Archive for the ‘Media’ Category

“Girls playing sports is not about winning gold medals. It’s about self-esteem, learning to compete and learning how hard you have to work in order to achieve your goals.” — Jackie Joyner-Kersee
Okay, so the first image that comes to your mind when you think of “athletes” are of the male variety– Tiger Woods, Peyton Manning, LeBron James…. But what about female athletes? Maybe they’re not as discussed as the male ones, but they’ve earned their merits- think, Maria Sharipova, Michelle Wie, or Danica Patrick, amongst plenty of others…
When you think about it, female athletes are and seemingly always have been at somewhat of a disadvantage in American sports culture. It seems like since the beginning of time, sporting events have always been about men competing- think of the original Olympic games or the jousting events of Ancient Greece and Medieval Europe, respectively. Perhaps this came from the long-held misconception that women should be strictly responsible for raising the family and being the mistress of the house.
Today, these archaic beliefs and our culture’s obsession with a particular type of women’s sexuality put female athletes at even more of a disadvantage. Their healthy bodies and strong spirits do not necessarily fit into the media’s battering ram of other images of women. Women that we see in advertising and on magazine covers are slim (sometimes to the point of anorexia), small, weak, and gaze at you with that, “Take me to the bedroom now” look. Women in advertising and magazines don’t have the strength of body and spirit that female athletes do, and this makes female athletes unsure about their roll in life.
On the one hand, girls who play sports are taught to be tough, not sweat the small stuff and to believe in oneself. After all, what shot could be made without a huge dose of self confidence? On the other hand, many female athletes don’t have the very slim body that is perpetuated in the media they consume. And while they may strive for that singular body type, developing eating disorders disables female athletes from excelling in their chosen sport.
Thus a conundrum is faced. On the one hand, many women’s magazines have joined a movement of female empowerment and highlight these women for young girls to emulate. On the other hand, female athletics are not taken as seriously in the media.
When was the last time you discussed the WNBA? This lack of respect for female athletes in the sexy spreads that they model for in magazines and online “hottest athlete babe” countdowns.
On a happier note, despite the media’s limited view of feminine beauty that maybe doesn’t accept the stocky female lacrosse player or the tall, lanky female basketball player, these women have and continue to be role models for young girls. They often times overcome a great many obstacles to stand where they stand today and thus continuously inspire. They make young girls who play sports believe that they too can beat the odds. And in the end, having beautiful, intelligent, athletic role models is not a bad thing.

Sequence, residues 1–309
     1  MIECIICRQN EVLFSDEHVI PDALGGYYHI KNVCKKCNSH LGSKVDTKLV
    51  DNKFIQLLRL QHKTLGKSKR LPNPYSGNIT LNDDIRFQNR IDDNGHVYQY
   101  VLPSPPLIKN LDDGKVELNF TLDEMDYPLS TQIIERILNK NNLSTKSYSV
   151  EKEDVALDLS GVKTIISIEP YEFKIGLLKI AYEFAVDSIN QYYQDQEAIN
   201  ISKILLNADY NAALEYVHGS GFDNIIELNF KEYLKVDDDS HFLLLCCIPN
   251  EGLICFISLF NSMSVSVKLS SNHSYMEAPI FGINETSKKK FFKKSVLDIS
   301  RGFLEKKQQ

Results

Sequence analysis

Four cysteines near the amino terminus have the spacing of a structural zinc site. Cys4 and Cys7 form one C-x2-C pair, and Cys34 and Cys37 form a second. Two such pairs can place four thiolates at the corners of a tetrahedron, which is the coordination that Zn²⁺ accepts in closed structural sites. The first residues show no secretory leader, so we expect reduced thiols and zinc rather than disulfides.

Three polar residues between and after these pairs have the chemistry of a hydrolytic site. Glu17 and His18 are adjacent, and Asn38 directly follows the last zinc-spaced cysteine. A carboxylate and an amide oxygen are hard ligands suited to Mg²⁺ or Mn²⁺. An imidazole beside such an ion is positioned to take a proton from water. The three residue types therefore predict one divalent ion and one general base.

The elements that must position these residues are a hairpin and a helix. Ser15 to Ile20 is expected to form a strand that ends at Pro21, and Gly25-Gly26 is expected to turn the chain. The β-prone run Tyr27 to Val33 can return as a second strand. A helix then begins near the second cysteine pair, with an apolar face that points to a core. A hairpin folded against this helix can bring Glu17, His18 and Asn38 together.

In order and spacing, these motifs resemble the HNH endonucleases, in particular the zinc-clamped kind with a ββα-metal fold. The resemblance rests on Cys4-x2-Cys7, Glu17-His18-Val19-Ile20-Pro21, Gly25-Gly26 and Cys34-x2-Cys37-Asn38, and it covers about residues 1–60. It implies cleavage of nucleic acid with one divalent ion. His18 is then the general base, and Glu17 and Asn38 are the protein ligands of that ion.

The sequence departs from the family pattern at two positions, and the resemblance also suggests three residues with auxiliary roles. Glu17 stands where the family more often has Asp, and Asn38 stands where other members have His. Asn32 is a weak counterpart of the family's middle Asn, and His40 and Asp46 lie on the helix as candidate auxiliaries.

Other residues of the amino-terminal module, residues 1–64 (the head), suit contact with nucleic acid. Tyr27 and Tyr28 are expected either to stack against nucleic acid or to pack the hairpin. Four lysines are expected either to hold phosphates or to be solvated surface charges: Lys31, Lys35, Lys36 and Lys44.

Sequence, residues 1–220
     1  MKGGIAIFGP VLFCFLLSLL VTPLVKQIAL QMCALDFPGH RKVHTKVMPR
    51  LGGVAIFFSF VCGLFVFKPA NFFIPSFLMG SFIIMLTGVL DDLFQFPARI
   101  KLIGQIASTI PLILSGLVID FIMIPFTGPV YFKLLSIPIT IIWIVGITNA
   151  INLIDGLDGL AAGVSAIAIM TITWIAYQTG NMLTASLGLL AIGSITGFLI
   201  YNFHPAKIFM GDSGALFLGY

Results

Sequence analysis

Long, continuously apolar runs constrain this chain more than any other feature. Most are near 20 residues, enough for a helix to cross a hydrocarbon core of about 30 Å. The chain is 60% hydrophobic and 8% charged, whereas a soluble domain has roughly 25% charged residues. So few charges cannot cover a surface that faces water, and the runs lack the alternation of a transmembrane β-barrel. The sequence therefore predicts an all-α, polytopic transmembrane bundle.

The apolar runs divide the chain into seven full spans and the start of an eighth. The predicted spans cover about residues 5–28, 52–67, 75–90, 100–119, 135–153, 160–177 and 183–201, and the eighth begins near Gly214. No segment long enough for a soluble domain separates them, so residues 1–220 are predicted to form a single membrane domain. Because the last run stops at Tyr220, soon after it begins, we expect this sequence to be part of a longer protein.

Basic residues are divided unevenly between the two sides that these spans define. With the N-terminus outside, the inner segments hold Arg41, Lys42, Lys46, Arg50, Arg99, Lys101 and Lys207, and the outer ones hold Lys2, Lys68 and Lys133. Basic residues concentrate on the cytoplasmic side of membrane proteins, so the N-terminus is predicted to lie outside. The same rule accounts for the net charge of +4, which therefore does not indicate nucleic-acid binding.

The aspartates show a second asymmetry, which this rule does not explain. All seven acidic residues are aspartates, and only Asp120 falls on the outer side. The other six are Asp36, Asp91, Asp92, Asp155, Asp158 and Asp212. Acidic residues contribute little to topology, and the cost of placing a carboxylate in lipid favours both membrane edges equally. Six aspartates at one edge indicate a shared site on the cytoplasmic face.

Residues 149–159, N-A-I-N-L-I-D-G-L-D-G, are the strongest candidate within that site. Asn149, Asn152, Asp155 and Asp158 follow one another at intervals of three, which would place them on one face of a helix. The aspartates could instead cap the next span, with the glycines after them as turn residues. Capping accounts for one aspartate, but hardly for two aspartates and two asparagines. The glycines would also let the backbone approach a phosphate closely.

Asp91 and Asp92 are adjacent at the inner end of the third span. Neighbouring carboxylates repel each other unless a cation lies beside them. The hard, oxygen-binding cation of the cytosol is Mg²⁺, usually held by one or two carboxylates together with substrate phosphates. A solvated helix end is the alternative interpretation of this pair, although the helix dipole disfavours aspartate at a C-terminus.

I won’t proclaim myself an expert on how to communicate risk. However, I will say that it is an area of interest. I am known for helping my friends and family solve their problems and, after I realized that, I also realized that maybe I could do that professionally. Also, as I lie in bed with a bad case of poison oak (risk of living out of town), I figured that risk communication would be a good thing to talk about. So, after some research, here’s my very basic guide to risk communication.

Let’s start out by defining risk communication. In it’s very basic sense, risk communication is prevention work; prevention against bad things happening. Of course, in life and in business bad things happen and we can’t avoid them all. (I have poison oak, remember?). If you get into a problem and then are trying to solve it after everything’s gone down, then you’re into crisis communication work, at least according to Peter Sandman, one of the experts in this field. But we’re not going to talk about crisis communication in this post- we’ll stick with prevention.

So here it goes, what I’ve learned about risk communication from Peter Sandman and the Center For Risk Communication about communicating risk goes as follows. What it comes down to, is that people have to feel like they can trust you. This gets down to the basics of communication. When discussing risk be caring and empathetic, be dedicated to solving the problem and be trustworthy and transparent.

People appreciate honesty in all types of communication, but in this kind in particular because of the sensitive nature of the discussion. Think about how you would want someone to communicate with you concerning a topic that you were sensitive to, and then turn that around.

It’s about kindness, everyone, and compassion. We’re all trying to help each other out, and in our uncertain world, a solid grasp about how to communicate bad things is of vital importance.